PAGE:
As a barrier to undertaking M&A deals in Asia, nearly half of the respondents at 49 per cent find valuation of assets a principal challenge. Lack of clarity on the financial position of many institutions is cited by 42 per cent of the respondents as the most significant obstacle to fair valuation while 40 per cent says it is continued market volatility.

Of the respondents planning acquisitions, 32 per cent says they will be targeting distressed assets. However, to account for the increased risks in today’s environment, 73 per cent says they plan to conduct additional due diligence and 62 per cent plans to rely on price adjustment tools. Similarly, 57 per cent of all respondents say they thought the current environment will encourage buyers to conduct more robust diligence to help develop integration priorities and only 39 per cent says that they thought there will be greater focus on cost synergies.

Dominic Nixon, PwC Asia Financial Services Leader says:

“The game financial institutions in Asia are playing has changed. We are seeing a move back to simplification as the region plays to traditional, universal banking models. Domestic Asian institutions, especially the better capitalised ones with stronger balance sheets and better access to funds, are feeling pretty good about their ability to take advantage brought in by the crisis and will dominate M&A activity in Asia.“

Sam Kok-Weng, Partner, Financial Services Industry Practice, PwC LLP (Singapore) observes:

“Continued favourable but watchful regulatory environment means that financial institutions will be re-thinking their priorities that include overhauling its risk management capability and changing their reward structures.”

Financial institutions are shoring-up operations and restructuring internally in the immediate term to sustain growth. As a result of the crisis fall-out, respondents have indicated priorities to overhaul risk management systems (84 per cent), changing reward structures to reflect longer term performance (78 per cent), bringing customer-relations in-house to improve service functions (75 per cent) and retrenching staff (67 per cent) to manage talent and cost better.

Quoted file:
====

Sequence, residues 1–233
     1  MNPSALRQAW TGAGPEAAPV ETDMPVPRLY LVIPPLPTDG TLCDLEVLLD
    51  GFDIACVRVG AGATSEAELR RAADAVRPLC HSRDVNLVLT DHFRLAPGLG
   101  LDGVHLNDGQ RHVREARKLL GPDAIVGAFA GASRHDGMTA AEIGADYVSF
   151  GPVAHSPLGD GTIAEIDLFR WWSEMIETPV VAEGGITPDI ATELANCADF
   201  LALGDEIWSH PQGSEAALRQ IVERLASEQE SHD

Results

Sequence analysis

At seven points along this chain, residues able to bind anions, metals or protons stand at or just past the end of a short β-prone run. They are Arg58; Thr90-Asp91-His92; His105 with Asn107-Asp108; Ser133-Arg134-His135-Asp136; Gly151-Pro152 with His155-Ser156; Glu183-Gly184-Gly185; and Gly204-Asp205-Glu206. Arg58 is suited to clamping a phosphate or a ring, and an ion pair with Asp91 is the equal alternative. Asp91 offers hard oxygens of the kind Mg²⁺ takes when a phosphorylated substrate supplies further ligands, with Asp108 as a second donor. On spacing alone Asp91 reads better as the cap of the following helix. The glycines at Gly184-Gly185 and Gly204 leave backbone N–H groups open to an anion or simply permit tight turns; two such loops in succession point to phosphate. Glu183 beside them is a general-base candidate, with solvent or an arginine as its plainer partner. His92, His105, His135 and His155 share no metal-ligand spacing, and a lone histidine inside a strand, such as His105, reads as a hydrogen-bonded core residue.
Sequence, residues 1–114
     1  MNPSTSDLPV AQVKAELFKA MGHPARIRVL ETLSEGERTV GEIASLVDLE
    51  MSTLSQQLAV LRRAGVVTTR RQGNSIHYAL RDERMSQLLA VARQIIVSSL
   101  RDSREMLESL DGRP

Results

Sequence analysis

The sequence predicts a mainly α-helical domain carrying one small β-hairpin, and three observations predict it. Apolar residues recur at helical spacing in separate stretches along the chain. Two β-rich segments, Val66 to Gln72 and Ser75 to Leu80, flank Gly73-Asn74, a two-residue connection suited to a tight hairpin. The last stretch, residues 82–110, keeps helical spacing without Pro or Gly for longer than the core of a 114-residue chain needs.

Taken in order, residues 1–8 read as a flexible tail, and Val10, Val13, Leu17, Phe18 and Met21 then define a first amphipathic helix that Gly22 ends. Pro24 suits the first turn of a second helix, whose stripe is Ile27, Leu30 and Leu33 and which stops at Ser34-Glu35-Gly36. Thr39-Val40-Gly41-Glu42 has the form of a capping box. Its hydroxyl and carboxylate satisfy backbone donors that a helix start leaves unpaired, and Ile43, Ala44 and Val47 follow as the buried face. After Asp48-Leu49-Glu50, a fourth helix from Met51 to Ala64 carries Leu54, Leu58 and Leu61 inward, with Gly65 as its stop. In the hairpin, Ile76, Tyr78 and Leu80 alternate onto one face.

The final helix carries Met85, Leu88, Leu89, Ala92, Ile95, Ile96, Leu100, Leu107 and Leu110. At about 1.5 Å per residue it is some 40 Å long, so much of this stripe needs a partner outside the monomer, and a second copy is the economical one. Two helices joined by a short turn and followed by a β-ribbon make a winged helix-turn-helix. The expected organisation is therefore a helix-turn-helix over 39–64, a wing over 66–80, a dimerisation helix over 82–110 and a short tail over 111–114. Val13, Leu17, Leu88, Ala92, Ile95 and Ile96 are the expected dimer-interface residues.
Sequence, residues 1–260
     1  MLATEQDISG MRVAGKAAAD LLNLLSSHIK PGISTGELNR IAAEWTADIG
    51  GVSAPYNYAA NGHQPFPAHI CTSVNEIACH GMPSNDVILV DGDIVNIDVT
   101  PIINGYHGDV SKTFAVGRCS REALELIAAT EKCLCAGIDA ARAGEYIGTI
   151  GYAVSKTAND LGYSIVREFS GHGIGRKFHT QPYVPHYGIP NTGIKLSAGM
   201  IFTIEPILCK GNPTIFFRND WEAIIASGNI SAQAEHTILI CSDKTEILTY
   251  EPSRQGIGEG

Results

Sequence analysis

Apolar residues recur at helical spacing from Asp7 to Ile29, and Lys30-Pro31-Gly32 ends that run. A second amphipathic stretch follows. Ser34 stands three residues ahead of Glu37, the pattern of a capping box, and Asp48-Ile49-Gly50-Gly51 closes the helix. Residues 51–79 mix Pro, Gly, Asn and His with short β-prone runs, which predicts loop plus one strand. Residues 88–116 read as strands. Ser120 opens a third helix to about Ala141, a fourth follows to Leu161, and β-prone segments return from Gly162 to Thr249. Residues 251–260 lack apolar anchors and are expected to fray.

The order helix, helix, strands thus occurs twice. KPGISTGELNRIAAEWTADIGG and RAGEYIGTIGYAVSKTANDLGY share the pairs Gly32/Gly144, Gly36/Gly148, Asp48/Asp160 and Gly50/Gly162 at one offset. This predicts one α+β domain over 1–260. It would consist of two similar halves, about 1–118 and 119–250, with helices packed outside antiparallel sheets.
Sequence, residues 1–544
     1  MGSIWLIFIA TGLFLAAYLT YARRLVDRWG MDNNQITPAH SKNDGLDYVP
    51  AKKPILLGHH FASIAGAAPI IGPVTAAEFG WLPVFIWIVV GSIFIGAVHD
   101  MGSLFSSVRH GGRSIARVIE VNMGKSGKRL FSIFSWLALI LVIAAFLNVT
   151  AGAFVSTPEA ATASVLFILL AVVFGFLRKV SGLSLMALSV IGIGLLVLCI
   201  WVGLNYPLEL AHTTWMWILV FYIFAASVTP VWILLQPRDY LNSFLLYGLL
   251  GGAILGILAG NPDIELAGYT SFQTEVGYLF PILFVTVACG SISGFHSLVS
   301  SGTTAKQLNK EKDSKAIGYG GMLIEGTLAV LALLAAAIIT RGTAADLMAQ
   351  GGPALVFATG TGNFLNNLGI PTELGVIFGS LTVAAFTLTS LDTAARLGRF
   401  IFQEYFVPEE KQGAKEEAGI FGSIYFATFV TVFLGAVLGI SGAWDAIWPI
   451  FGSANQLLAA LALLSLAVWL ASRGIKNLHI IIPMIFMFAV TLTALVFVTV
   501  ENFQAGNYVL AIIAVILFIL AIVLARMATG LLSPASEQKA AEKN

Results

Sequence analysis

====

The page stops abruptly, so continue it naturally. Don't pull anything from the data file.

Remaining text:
Few respondents expect current market conditions to improve soon: 83 per cent expects the credit crunch and resulting economic downturn to persist for a further one to two years. A significant majority suggest that the pricing of assets will become more attractive to their companies within 12 months. Pakistan (67 per cent), China (63 per cent), Taiwan and Indonesia (both 60 per cent) are the most optimistic, expecting assets to become more attractive in the next six months.

By sector, insurance and private equity are more bullish than others on expansion with two-thirds (67 per cent) actively seeking expansion opportunities. There are continued opportunities in wealth management as household balance sheets are under leveraged compared to those in the West.

Dominic Nixon, PwC Asia Financial Services Leader concludes:

“Cautious optimism is really a measure of the degree of uncertainty about the future in terms of perception about the continued worsening of credit quality and the availability of funds. Many of the players are remaining relatively neutral as to the areas that would have the most impact and many are also looking to developments in G20 to see how issues such as fair valuation and timely disclosures of market, credit and liquidity exposures and liquidity management will be addressed.”

- ENDS -


Media contacts:
Ivana TT Teo (direct line: (65) 6236 3959, email: ivana.tt.teo@sg.pwc.com )
Chen Yih Lin (direct line: (65) 6236 3960, email: yih.lin.chen@sg.pwc.com )

*A copy of the survey publication will be available in end April. Contact us if you need a copy.

Note:

The survey is the 4 th PricewaterhouseCoopers annual survey “The new playing field: the impact of the crisis on M&A in Asia”. The survey which cover 215 respondents across Asia: Australia, Bangladesh, China, Hong Kong, India, Indonesia, Japan, Malaysia, New Zealand, Pakistan, the Philippines, Singapore, South Korea, Taiwan and Vietnam. Thirty-three per cent of the respondents are senior management (CEOs, Chairmen and Board members), 15 per cent in business development, 13 per cent in finance and the rest across various functions from risk management, to operations, treasury and others.